Be wary of the comeback.
That's the message two strategists and one economist had for investors as U.S. stock rallied on Tuesday after an uptick in retail sales and the biggest monthly surge in homebuilder sentiment on record.
Here's why they're staying cautious despite the encouraging data:
Liz Young, director of market strategy at BNY Mellon Investment Management, said if you're investing in this market, "you have to be nimble and you have to be humble":
"What the market was pricing in up until this minor pullback last week is a perfect recovery, and that perfect recovery is probably not going to come to fruition. There's going to be lingering effects of this as we go. And the other thing that I want everybody to keep in mind is that we were starting from such a low base, it's going to look like a V shaped off the bottom no matter what. And the big risk here is that we have a dramatic second wave that causes us to go back into shutdown in some major metro areas and makes that V look like a head fake. So, what we're really concerned with now from a market perspective is that it did get overextended from an enthusiasm standpoint and 90% of the S&P was trading above its 50-day moving average, so, we were due for a pullback. And to be perfectly honest, it made me feel better when we got that pullback because it felt a little bit more rational. So, I think as we move through summer, we're going to be watching like a hawk what this reopening process looks like, and one of the big challenges there is that we don't agree across the country on how to actually do this, on what the rules are, how quickly to do this and we're seeing that as we have different results across different states."
Alan Ruskin, Deutsche Bank's chief international strategist, said a key question remains that could impact the recovery in a major way:
"It's going to be a bumpy ride. So, I've been certainly anticipating that after lockdown, as the economy opens, you get at least some short-term V. You're actually getting some improvements, certainly on the consumption side, that [are] coming through earlier than that. The production side seems to be lagging. But I think that will show something of a V when you see the June data, which comes out in July. After that, I think an awful lot is going to hinge on the issues that Chairman Powell has mentioned in the past. Will we see a second wave, really, which could really dent expectations going forward? But I think we're starting … on a levels basis, with such weak levels of GDP and all its components that it's more or less inevitable that the growth numbers are going to look quite exceptional for some time."
Bruce Kasman, chief economist and managing director of global research at JPMorgan, expected a partial recovery for the U.S. economy:
"I think what we're seeing is the economy starting to come back in May. It's a consumer-led move back up. And I think … it's partly the opening up of the economy and it's partly the supports that have come from the Fed and fiscal policy, of course, that are starting to kick in. And I think we had a horrible March and April and we're going to have a very significant bounce as we move into the summer months. So, we're seeing an enormous degree of volatility in this economy. Our view is that we're going to only have a partial recovery, but it's going to take a while here as we go through this very strong upturn to see what's actually happening."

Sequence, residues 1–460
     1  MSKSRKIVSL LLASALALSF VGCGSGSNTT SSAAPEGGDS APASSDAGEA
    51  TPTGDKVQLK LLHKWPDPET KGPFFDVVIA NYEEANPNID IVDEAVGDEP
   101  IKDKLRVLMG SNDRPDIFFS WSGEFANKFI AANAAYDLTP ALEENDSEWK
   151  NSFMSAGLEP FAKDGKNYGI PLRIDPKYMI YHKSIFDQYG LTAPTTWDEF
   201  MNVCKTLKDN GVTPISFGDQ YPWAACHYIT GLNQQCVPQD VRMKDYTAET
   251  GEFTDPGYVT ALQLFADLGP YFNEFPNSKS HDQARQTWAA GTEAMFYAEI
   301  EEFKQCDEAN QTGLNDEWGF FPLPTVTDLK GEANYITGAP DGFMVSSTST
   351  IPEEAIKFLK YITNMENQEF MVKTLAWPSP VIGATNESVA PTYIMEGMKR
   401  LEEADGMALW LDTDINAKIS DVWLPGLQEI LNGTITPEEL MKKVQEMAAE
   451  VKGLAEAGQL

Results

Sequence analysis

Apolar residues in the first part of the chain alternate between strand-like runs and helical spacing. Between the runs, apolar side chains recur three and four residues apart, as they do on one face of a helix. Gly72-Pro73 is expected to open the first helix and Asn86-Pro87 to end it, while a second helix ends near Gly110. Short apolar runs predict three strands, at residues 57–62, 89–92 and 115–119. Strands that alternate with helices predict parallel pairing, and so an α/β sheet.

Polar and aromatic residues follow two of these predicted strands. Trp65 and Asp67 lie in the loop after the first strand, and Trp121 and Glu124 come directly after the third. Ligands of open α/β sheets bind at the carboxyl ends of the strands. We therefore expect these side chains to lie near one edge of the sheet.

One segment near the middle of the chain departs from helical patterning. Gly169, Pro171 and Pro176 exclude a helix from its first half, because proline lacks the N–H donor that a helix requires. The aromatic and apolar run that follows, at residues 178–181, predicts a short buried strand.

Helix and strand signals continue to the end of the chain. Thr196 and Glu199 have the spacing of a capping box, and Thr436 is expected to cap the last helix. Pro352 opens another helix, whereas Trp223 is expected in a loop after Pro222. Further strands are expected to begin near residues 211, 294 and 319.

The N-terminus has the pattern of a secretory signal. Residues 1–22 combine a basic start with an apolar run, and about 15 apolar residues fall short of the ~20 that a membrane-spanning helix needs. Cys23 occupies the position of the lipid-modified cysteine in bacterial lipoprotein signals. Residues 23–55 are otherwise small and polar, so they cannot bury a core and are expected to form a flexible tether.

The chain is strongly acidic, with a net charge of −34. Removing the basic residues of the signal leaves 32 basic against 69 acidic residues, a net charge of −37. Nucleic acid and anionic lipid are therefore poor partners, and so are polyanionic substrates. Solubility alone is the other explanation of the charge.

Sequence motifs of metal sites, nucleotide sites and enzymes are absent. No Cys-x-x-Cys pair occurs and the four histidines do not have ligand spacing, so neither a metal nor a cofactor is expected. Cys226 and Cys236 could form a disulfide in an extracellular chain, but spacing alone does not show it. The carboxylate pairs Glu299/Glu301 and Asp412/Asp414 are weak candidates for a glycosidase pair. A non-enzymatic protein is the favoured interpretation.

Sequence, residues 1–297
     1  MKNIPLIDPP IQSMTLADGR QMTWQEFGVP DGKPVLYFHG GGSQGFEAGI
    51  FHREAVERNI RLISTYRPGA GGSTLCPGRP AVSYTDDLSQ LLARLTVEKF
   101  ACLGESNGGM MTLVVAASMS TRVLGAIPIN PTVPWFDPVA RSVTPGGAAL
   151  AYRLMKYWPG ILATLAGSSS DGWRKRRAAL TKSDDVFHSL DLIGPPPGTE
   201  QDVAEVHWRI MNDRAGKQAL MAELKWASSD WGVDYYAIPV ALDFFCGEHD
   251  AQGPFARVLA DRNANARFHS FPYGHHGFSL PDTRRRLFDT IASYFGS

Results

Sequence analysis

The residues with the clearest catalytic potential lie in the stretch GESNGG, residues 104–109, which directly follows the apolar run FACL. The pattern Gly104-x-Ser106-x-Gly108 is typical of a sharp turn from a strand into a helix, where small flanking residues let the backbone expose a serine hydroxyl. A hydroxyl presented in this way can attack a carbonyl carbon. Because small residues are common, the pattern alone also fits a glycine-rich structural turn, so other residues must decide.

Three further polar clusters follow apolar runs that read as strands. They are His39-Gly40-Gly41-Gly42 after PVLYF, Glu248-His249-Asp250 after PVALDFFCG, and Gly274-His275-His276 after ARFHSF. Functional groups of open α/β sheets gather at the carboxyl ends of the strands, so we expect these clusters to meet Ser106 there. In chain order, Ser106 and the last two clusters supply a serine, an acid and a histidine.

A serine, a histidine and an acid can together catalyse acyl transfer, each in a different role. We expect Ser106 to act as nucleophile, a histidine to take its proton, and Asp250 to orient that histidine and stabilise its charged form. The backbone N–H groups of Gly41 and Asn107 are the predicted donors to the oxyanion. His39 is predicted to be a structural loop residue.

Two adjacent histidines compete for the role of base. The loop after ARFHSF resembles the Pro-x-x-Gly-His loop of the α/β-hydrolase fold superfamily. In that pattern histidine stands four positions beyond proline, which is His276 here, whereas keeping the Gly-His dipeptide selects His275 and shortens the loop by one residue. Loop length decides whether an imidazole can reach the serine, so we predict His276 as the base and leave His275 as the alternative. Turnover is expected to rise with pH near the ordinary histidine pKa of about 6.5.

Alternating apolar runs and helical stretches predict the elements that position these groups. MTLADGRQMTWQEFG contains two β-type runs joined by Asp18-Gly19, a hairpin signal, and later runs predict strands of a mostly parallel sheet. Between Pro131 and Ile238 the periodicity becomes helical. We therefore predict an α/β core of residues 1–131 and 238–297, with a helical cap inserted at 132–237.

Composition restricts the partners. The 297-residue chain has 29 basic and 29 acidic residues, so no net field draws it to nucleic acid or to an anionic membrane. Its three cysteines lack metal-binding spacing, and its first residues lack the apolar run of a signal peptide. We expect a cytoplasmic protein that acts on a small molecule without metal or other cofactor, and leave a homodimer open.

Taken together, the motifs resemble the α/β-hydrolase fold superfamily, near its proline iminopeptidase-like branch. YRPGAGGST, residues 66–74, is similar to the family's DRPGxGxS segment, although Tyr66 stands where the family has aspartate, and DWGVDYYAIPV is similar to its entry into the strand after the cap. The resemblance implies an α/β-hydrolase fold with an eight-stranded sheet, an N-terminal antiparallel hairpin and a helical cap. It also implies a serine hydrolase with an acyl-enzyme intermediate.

Phil Camporeale, investment specialist at J.P. Morgan Asset Management, compared this moment to the start of the last bull market:
"Stocks are so under-owned. Morningstar reported [Tuesday] morning that May saw the largest outflow in equity funds in history, more than the second highest, which was March of 2009. You know what March of 2009 was? The beginning of another bull market. … And that doesn't even get into the [$]5 trillion sitting in money market funds."
Jim Paulsen, chief investment strategist at Leuthold Group, noticed some "disconnect" in Tuesday morning's headlines:
"I noticed on the CNBC website that Bank of America survey showing 75% of investors think the market's overvalued and maybe two-thirds of them think this is just a bear market rally. That could be right, but it shows a sense of bearishness and caution. And then The Wall Street Journal [Tuesday] morning says that investors are sitting on the largest pile of cash ever. So, we've still got a high level of bearishness and the bears are loaded with buying power, if you will, on the sidelines. And I think if you take that with what's going on with data – the bounce in retail sales after the bounce in employment suggesting not only will the second-quarter divot be less than expected, but it looks like the return to life, again, is coming sooner – that disconnect between fundamentals doing better and a lot of bearish investors … not only puts a floor under how low this can go, but increases the upside potential, I think, down the road. And … I think we got a little over our skis last week with … bullishness, but that's been taken out of the market again and I still think that we're in a fresh recovery and we're in a fresh bull market and we're probably early in that."